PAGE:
September 28, 2016
Federal Communications Commission chair Tom Wheeler continues to promote his plan to “unlock” the set-top box marketplace, ending the dominance of cable and satellite TV companies. Opposing the plan are, no surprise, those same cable and satellite companies, including Comcast and AT&T’s DirecTV, which reap profits of $20 billion a year in set-top-box rentals. CBS also opposes the plan, as do other studios that believe regulation will get in the way of quickly making their content available on multiple platforms.
According to Bloomberg, under Wheeler’s proposal, “pay-TV companies would have to provide online applications that grant access to their programming to independent device makers,” including Google, Amazon, TiVo, and Roku, with programming from sources including Netflix, YouTube, and Hulu, the latter of which has 12 million subscribers.
Democratic Senator Richard Blumenthal from Connecticut calls the situation a “classic inside-the-Beltway versus the people of America issue.”
“Outside the Beltway there is no question that consumers deserve to save money through more choice and more competition,” he said. Wheeler has stated that consumers each pay more than $231 per year for STB rental, because they don’t have “meaningful alternatives.”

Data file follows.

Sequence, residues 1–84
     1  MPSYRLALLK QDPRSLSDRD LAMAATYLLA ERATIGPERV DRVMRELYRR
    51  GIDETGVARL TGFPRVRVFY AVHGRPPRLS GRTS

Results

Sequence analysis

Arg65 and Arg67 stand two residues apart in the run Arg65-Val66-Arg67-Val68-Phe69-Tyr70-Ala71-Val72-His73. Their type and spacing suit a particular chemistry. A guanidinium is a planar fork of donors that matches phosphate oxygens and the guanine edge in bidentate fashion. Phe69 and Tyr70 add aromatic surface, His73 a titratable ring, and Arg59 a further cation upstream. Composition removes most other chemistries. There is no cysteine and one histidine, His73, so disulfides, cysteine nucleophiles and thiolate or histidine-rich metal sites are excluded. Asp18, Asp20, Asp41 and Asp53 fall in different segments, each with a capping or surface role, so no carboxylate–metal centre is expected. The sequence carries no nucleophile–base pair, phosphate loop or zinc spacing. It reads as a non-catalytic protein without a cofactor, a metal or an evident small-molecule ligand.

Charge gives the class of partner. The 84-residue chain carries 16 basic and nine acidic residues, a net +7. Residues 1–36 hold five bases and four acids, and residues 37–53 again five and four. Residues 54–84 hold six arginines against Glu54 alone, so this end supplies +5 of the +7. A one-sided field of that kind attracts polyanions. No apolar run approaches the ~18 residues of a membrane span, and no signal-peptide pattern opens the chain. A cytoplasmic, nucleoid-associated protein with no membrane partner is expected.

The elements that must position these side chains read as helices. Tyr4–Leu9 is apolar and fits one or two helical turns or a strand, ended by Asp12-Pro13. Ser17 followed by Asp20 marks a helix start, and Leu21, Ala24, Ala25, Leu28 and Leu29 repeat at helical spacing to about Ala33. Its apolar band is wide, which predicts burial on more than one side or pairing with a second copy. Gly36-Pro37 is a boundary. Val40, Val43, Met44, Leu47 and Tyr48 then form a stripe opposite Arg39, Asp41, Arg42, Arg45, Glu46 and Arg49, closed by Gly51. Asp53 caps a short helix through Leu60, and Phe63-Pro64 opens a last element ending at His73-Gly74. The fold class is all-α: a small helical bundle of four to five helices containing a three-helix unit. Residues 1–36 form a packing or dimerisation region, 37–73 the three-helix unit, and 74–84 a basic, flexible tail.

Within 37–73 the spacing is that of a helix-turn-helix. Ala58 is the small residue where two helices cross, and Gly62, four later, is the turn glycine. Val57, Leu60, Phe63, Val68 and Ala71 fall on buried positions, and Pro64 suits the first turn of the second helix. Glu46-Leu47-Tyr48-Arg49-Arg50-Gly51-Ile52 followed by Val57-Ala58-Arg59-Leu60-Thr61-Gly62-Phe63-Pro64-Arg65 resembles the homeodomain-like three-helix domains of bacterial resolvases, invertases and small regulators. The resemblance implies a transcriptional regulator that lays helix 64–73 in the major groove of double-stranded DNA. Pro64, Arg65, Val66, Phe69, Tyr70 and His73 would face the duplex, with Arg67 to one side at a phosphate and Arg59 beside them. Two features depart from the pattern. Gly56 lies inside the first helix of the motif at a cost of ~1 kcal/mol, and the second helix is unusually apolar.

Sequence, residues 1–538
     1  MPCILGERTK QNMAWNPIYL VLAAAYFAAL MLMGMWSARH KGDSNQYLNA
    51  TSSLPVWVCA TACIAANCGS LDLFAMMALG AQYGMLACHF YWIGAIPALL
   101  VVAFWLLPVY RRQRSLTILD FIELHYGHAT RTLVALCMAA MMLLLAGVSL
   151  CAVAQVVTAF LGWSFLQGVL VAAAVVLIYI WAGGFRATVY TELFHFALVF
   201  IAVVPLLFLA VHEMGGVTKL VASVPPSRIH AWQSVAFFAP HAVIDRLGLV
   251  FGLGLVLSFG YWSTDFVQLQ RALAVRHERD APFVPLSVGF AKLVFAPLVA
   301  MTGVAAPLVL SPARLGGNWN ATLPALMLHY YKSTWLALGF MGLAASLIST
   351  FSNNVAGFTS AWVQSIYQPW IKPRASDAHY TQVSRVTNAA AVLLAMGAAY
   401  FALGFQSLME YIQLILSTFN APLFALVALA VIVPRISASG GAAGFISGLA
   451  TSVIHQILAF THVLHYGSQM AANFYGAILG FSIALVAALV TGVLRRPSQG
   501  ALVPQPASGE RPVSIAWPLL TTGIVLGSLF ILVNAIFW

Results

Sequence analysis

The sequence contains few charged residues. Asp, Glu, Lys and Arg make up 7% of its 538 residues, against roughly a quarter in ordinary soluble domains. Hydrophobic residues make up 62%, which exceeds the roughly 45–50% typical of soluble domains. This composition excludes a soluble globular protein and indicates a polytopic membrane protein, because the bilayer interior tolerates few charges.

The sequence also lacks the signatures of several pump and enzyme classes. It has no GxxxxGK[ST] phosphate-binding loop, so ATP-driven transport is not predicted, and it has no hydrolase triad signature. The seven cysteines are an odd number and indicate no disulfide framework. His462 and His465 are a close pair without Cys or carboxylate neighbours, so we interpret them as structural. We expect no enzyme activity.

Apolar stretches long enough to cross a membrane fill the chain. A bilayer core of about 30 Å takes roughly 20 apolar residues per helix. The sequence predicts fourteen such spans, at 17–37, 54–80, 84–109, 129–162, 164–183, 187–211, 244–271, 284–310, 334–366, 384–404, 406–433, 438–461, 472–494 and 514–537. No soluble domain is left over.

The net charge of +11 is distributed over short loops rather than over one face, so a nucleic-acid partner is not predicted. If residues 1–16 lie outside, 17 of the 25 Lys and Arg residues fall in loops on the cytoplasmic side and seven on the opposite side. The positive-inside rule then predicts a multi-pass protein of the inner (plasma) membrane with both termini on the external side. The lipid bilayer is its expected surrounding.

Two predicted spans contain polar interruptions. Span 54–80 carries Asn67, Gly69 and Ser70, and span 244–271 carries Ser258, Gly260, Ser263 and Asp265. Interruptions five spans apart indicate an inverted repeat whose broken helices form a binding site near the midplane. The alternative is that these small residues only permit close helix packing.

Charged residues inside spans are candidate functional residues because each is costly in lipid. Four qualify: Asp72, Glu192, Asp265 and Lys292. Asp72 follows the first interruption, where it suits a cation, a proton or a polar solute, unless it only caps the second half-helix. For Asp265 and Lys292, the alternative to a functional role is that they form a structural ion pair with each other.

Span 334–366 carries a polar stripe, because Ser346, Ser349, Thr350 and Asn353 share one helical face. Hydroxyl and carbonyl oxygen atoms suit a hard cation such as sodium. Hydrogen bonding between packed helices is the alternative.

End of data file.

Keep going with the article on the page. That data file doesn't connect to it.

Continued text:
Comcast, however, notes that it provides channels via Roku and Samsung smart TVs; Charter Communications has also tested providing programming via app and Roku. “It’s an environment where the amount of choice for consumers is high and accelerating,” said Comcast chief financial officer Michael Cavanagh. “So the idea that there’s a need for a government mandate in that space strikes us as odd.”
Pay-TV providers also want to hold on to STB rentals because the boxes “store detailed data about what shows viewers watch,” valuable information for negotiating with advertisers.
But the move to alternative devices seems inevitable to others. STBs are “antiquated” said New York University professor Nicholas Economides, who notes that Microsoft, Google and Apple could “come up with search functions that outperform today’s typical set-top box experience,” creating “easier access to programming outside cable’s bundle of channels.”
“The day of the traditional big, heavy company-controlled set-top box is over,” said Roku founder/chief executive Anthony Wood, who notes the rise of HBO Now, Time Warner’s streaming service and Dish Network’s Sling TV. “The cable stranglehold on distribution broke awhile ago.”
Computer & Communications Industry Association president Ed Black points out that the end of cable/satellite dominance could produce results similar to the break-up of AT&T’s telephone monopoly. “When we got rid of the black AT&T phones, nobody really could tell you there’s going to be a fax machine and cell phones and all the things that came after,” he said. “When you do not have dominant company control, when you have lots of companies trying to get into this space — there’s an explosion of creativity and products.”
Public Knowledge attorney John Bergmayer, whose group supports Wheeler’s proposal, notes that the “FCC rule might accelerate” the move to alternative devices or “might have no impact.” He agrees that market forces have “already started the process” but points out the difference between cable companies that support some platforms and the FCC proposal, which mandates “support all of the major platforms.”